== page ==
## Friday, October 20, 2023

### GAMS: SMAX and sparsity

This is a discussion about the SMAX function in GAMS and how it behaves for sparse data.

The data structure we were facing was something like:

set
i 'cases' /case1*case100000/
j 'attribute' /j1*j25/
k 'attribute' /k1*k25/
t 'type' /typ1*typ2/
;

parameter p(i,j,k,t) 'positive numbers';
* note: for each i we have only one (j,k)

The data for parameter $$\color{darkblue}p_{i,j,k,t}$$ is originating from a database. A small (simulated) data set can look like:

---- 20 PARAMETER p positive numbers

typ1 typ2

case1 .j5 .k22 0.550 0.301
case2 .j8 .k6 0.350 0.856
case3 .j2 .k13 0.998 0.579
case4 .j25.k20 0.131 0.640
case5 .j4 .k7 0.669 0.435
case6 .j9 .k9 0.131 0.150
case7 .j15.k21 0.231 0.666
case8 .j20.k8 0.110 0.502
case9 .j5 .k22 0.265 0.286
case10.j15.k19 0.628 0.464

We see that for each case $$i$$, we have exactly one $$j$$ and $$k$$.

### First slow SMAX implementation

We want to calculate:

parameter q(i,j,k) 'smax(t, p(i,j,k,t))';
q(i,j,k) = smax(t,p(i,j,k,t));

This obviously gives:

---- 51 PARAMETER q smax(t, p(i,j,k,t))

case1 .j5 .k22 0.550
case2 .j8 .k6 0.856
case3 .j2 .k13 0.998
case4 .j25.k20 0.640
case5 .j4 .k7 0.669
case6 .j9 .k9 0.150
case7 .j15.k21 0.666
case8 .j20.k8 0.502
case9 .j5 .k22 0.286
case10.j15.k19 0.628

Although this calculation is correct, it is painfully slow for large data. The reason is that parameter $$\color{darkblue}p$$  is very sparse: for every $$i$$ we have one $$(j,k)$$. It is noted that GAMS uses sparse storage of data: i.e. "does not exist and being zero is the same". In GAMS, the sum function is very fast when running over sparse data: we can safely skip the zero values. However, when calculating the smax function, we can't skip safely all zeros. It will evaluate the maximum over all possible combinations $$(i,j,k)$$ including ones we have no data for. When using 100,000 cases this smax calculation takes 7.2 seconds.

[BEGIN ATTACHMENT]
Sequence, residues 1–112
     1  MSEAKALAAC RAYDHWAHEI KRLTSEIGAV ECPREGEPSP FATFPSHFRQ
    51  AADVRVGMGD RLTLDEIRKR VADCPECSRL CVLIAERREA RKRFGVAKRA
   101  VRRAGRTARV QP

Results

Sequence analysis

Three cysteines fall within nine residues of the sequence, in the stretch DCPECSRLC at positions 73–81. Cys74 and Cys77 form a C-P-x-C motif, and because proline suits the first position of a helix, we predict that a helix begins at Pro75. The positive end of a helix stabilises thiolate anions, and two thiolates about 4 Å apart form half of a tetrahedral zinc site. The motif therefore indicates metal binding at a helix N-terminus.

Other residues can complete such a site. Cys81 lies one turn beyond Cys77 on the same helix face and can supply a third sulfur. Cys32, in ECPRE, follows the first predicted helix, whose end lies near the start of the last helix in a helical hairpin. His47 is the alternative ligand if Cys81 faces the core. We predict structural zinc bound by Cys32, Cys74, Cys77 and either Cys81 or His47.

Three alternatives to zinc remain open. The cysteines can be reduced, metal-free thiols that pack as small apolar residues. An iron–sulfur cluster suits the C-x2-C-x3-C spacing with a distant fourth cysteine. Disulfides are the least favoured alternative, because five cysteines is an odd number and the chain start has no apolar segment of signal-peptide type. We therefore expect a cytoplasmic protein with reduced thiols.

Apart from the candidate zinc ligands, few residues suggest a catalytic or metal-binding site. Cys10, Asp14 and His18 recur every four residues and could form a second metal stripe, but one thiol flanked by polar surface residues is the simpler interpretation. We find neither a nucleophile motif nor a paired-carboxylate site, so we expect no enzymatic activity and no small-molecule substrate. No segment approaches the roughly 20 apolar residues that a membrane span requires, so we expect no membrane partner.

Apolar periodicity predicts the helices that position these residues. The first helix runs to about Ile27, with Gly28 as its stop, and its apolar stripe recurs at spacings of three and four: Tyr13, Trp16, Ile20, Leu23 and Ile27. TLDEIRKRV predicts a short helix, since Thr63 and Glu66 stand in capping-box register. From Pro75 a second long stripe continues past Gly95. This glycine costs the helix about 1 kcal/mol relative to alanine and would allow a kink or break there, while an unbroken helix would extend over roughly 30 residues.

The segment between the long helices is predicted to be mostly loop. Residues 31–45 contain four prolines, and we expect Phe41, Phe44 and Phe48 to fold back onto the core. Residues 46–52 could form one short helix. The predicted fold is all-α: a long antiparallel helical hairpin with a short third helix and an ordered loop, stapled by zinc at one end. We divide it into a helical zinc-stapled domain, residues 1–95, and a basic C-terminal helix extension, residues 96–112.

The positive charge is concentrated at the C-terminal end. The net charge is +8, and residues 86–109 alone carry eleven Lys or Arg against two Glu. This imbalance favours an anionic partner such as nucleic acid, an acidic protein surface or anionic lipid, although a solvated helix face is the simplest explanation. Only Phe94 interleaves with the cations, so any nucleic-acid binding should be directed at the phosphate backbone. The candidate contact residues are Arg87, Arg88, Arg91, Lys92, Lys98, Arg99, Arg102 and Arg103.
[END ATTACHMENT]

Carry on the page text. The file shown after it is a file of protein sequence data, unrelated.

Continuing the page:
For $$|I|=10$$ cases, we have $$|I|\cdot|J|\cdot|K| = 10\cdot25\cdot25 = 6,250$$. For $$|I|=100,000$$ this becomes 62.5 million. These are large numbers!

### Faster alternatives: exploit sparsity

A fast version will protect us from running over the Cartesian product $$I\times J\times K$$. A first version is:

parameter q2(i,j,k);
q2(i,j,k)$sum(t,p(i,j,k,t)) = smax(t,p(i,j,k,t)); This assumes $$\color{darkblue}p\ge 0$$. The$sum construct says: only do the assignment if one or more of the $$\color{darkblue}p_{i,j,k,t}$$ is non-zero. This version does not work always correctly if negative $$\color{darkblue}p$$ are allowed. For instance $$-2+2=0$$, so a sum of zero does not imply that each value is zero. In the case where we allow negative values, we can do something like:

parameter q3(i,j,k);
q3(i,j,k)$sum(t$p(i,j,k,t),1) = smax(t,p(i,j,k,t));

This version explicitly counts the number of nonzero elements $$\color{darkblue}p_{i,j,k,t}$$ over $$t$$. The profiling information

--- Profile Summary (6 records processed)
7.187   0.034GB        27 Assignment q (100000)
0.047   0.043GB        36 Assignment q2 (100000)
0.031   0.051GB        42 Assignment q3 (100000)

indicates that our fast versions are more than 100 times as fast (the first column contains the timings).  The difference in timings between versions q2 and q3 is just noise.

My preferred approach is to explicitly store the sparsity pattern of the $$(i,j,k)$$ tuples into a separate set. We can do:

set ijk(i,j,k);